Some examples of this in practice:

See the related question for more details:

Is it legal to fly in RVSM airspace with an inoperative autopilot?

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You can legally do it at FL430 or above though! – Lnafziger May 28 '14 at 20:02
So you can handfly the supersonic Concorde at cruise? YEAHH! – shortstheory May 29 '14 at 15:23

Aerodynamic damping is proportional to density, so all maneuvers require less control input at altitude than near the ground. On the downside, excursions from the trimmed condition produce greater amplitudes before stability pulls the aircraft back. This explains why hand-flying needs more attention at high altitude.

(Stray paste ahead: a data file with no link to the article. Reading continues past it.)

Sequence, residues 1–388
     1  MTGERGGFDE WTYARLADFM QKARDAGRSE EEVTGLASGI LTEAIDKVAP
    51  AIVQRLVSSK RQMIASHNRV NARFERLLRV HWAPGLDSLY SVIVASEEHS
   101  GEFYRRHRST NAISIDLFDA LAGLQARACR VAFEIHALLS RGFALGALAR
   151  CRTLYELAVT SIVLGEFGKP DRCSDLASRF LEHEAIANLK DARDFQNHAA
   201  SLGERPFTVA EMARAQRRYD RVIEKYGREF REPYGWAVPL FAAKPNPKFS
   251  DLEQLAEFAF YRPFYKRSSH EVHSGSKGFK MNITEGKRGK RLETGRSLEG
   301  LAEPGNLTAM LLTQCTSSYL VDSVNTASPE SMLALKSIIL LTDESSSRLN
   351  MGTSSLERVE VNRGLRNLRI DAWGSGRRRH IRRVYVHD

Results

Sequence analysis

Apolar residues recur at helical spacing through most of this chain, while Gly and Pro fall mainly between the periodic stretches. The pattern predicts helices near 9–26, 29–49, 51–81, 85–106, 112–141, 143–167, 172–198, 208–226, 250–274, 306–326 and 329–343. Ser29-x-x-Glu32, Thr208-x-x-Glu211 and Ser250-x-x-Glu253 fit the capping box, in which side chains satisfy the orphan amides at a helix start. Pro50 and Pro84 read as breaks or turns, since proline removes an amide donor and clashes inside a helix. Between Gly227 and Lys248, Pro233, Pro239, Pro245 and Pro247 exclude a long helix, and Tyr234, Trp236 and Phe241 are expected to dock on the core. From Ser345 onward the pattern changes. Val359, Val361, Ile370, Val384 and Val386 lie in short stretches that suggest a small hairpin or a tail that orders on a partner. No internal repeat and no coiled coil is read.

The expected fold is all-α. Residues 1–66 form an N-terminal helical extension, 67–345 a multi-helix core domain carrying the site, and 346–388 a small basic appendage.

Background: Damping is the reaction of a system to movement, and positive damping means the reaction slows the movement down. Case in point: The horizontal tail. When the pitch attitude changes (say, by a vertical gust which changes lift first on the wing, then on the horizontal tail), the rotation of the aircraft around the Y axis (the one pointing sideways) creates an additional vertical speed on the horizontal tail surface. This vertical speed is proportional to pitch speed (obviously) and the distance between c.g. and tail. This speed changes the local angle of attack by the ratio between the vertical speed and flight speed. Now we are at the core of it: A high flight speed will cause a smaller angle of attack change at the tail for the same pitch rate. Since this angle of attack change creates the damping force (by creating lift on the tail which counteracts the pitch movement), a higher flight speed at the same dynamic pressure will lead to less damping. This is a fancy way of saying that flying in lower density air makes the aircraft more responsive to disturbances.